If working in PR has taught me anything, it’s that not all of your ideas and campaigns will land the way you want them to. Try not to get disheartened by this fact, because there’ll always be a new idea you can try, and the one thing that has produced the most results for me across both traditional and digital media is perseverance.
I actually experienced this fairly recently with our study that looked at the ‘broadband issues we find the most annoying’ — a campaign we did for UK-based price comparison platform, Uswitch. A design-led campaign, we pitched this around Halloween in the hope that the graphics would lead the coverage — but despite Vuelio (a commonly used digital PR media database) showing over 25% email open rates when pitching, the lack of data to back up the designs made it hard to tell a story.
This is where determination and a little perseverance came into play. When Facebook, Instagram, and Whatsapp had a 24-hour outage, I saw a great way to drive some links to our campaign. Using data from Down Detector, we quickly calculated how many times some of the world’s biggest sites had experienced outages, and pitched it out to journalists — linking back to our campaign. Within days, we managed to achieve coverage in publications like ZDNET, The Register, and B&T magazine.
What are the challenges of moving to digital PR?
While my previous job in traditional PR did help facilitate a much smoother transition into digital PR, making the switch wasn’t without its challenges, and I found that I still had a lot to learn to truly settle into my role.
SEO (Search Engine Optimisation) helps increase your company’s exposure on search engines — and it’s one of the main ways digital PR differs from traditional PR when it comes to strategy.
Traditional PR operates a more direct approach when generating brand awareness — by getting the customer to buy into the brand with things like promotional products and events.
In digital PR, the approach is a lot more subtle — and often, it doesn’t matter if you don’t reach the customer base. Instead, SEO works by impressing Google with high-ranking keywords and follow links that go back to the brand you’re representing.
When I moved to digital PR, the SEO aspect was something I had to quickly get my head around in order to understand the point of the campaigns we were executing and why they mattered. That’s just a small part of the power of SEO, too — there’s plenty more that I’m looking forward to learning as I progress my career in digital PR.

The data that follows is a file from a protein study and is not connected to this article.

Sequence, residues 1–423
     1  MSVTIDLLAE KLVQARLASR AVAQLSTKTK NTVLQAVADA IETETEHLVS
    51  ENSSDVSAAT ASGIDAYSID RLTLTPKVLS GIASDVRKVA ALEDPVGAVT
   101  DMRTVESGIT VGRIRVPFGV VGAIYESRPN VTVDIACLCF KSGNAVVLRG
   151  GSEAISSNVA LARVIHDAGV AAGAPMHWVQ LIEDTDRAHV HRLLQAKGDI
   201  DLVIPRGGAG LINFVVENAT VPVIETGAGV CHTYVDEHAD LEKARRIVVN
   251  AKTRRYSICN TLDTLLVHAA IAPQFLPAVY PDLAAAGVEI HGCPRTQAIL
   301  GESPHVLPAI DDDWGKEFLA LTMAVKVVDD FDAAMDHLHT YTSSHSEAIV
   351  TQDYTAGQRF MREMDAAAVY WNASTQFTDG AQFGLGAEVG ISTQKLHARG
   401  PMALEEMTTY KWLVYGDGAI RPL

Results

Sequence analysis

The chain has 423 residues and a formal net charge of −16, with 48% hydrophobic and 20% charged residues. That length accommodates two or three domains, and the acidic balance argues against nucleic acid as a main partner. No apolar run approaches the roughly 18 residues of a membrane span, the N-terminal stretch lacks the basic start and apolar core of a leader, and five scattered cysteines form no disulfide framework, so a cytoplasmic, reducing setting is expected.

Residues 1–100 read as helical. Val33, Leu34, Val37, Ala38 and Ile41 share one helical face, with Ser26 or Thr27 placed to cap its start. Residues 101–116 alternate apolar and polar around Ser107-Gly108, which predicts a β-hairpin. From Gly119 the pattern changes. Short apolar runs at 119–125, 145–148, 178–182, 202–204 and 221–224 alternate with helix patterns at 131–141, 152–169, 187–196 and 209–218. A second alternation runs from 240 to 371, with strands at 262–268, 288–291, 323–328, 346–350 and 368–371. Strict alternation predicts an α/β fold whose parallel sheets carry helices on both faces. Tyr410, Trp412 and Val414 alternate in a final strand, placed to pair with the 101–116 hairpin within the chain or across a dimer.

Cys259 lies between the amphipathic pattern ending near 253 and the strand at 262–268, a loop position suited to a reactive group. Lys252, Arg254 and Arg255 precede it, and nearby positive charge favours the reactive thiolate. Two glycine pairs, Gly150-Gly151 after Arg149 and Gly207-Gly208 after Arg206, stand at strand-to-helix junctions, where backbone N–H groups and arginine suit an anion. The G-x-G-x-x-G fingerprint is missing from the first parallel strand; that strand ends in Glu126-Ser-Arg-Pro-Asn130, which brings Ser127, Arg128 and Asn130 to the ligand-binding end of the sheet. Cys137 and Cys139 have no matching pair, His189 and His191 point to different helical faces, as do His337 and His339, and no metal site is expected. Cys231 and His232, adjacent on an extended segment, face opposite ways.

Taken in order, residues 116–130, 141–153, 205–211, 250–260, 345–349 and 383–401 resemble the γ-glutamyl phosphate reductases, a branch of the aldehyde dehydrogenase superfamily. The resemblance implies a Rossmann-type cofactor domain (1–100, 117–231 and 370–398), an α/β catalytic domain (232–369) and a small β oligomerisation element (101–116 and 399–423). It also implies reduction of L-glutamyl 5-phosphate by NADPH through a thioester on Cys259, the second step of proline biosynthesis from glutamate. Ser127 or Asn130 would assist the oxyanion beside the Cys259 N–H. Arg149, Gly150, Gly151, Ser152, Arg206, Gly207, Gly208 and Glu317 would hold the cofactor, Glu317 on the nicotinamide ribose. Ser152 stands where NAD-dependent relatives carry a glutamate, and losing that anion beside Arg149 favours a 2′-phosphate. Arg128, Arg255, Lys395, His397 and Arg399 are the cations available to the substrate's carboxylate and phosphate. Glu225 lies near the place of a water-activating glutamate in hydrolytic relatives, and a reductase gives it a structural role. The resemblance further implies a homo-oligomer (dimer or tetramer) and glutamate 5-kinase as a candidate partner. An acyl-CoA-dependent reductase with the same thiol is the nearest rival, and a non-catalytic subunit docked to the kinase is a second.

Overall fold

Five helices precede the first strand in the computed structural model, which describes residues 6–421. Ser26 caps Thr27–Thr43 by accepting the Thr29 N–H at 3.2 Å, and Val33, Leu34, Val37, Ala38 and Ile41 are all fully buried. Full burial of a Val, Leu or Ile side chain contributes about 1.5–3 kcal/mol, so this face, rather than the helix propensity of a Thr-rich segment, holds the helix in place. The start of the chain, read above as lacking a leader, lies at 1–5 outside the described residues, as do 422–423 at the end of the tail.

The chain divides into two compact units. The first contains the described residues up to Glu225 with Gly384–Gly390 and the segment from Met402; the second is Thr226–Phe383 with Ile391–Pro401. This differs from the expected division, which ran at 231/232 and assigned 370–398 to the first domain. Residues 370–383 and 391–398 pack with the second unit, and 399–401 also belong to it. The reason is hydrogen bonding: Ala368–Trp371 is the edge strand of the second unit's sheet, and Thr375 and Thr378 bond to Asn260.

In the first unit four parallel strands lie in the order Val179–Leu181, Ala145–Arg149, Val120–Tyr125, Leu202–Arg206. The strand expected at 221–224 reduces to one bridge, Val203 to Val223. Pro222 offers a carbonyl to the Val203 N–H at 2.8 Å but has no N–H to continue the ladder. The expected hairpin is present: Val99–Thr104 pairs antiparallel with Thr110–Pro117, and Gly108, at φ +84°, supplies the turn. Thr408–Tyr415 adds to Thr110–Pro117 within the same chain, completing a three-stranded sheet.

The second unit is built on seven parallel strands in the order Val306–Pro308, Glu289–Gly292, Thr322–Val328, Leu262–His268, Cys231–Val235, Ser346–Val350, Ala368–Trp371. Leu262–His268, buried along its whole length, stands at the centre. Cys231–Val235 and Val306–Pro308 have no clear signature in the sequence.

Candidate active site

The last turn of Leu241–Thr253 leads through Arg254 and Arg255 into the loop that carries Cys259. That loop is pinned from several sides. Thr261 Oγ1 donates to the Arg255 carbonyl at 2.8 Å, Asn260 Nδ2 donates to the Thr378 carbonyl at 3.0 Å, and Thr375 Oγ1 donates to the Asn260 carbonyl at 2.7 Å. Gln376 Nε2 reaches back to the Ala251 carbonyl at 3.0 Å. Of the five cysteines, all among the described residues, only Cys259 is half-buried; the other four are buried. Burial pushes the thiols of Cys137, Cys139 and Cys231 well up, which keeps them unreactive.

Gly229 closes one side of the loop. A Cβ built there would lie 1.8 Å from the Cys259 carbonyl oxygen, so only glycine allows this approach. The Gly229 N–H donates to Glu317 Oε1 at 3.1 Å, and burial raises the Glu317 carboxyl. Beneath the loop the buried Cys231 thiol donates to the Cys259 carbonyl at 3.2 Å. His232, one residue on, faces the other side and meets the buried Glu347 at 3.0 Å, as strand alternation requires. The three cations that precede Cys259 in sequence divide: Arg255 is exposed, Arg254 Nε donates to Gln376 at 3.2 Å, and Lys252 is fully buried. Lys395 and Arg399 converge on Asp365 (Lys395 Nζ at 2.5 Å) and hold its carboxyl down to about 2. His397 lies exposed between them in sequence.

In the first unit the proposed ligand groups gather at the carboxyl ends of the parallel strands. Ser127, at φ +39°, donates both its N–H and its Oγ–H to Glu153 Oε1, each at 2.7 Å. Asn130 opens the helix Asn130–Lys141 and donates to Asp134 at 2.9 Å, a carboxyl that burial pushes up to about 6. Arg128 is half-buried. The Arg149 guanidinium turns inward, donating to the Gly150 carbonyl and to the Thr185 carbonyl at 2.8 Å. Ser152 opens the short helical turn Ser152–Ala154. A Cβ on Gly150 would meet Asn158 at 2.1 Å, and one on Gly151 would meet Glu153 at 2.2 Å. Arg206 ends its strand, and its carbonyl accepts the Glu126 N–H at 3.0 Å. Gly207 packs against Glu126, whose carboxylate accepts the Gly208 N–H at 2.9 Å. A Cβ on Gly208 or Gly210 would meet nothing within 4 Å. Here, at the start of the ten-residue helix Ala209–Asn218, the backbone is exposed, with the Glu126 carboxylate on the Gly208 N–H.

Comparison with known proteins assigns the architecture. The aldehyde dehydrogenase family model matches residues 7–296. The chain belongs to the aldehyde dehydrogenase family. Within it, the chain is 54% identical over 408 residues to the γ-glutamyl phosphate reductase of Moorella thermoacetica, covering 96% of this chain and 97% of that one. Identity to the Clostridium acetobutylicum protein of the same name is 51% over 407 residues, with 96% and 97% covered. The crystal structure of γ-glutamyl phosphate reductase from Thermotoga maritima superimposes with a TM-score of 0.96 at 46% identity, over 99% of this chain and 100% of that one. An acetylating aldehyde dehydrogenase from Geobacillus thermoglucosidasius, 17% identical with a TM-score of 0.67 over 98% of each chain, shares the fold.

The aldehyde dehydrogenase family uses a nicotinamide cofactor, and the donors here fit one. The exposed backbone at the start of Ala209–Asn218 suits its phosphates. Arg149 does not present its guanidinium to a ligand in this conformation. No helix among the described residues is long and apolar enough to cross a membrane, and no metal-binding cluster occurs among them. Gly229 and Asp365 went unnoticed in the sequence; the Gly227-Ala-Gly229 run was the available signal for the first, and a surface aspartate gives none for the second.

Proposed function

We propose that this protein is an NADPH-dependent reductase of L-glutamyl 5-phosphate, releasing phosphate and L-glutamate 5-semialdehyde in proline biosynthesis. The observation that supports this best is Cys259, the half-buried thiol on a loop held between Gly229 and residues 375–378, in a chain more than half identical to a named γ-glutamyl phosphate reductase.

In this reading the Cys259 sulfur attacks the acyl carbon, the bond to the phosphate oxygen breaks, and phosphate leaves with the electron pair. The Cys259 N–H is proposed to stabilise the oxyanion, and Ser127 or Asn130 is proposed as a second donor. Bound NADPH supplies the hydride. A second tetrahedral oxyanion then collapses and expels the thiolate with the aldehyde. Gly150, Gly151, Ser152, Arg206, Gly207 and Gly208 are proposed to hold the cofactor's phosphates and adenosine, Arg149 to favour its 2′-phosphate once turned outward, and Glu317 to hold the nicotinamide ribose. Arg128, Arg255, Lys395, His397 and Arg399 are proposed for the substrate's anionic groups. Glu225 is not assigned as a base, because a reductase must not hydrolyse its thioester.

Working with big datasets
One major challenge as I transitioned from traditional to digital PR was working with the large data sets that often form the basis of our campaigns. While digital campaigns take on many forms, using data to create a story works really well, and can generate some amazing results for your clients.
Although I had managed large datasets before — having worked for a short time in admin — using numbers to generate coverage for journalists was an entirely new concept for me, and to begin with, I found it quite overwhelming.
However, the more I spent time working on and processing my own sets of data, the easier it became for me to see where the stories were, along with the angles I wanted to pursue and could achieve. If, like me, you’re better with words when it comes to your career, I really recommend spending time with the data specialists on your team, so you can pick their brains about anything you might be unsure about.
Whether you’re great at your job, or have recently made a big career change, there comes a point in everyone’s careers where they lack confidence in their own abilities — whether it comes from a place of self-doubt, or criticism you may have received in the past.
Making the switch to digital PR is not without its challenges — but while these may make you doubt your own abilities, there are plenty of ways to find your feet and self belief again.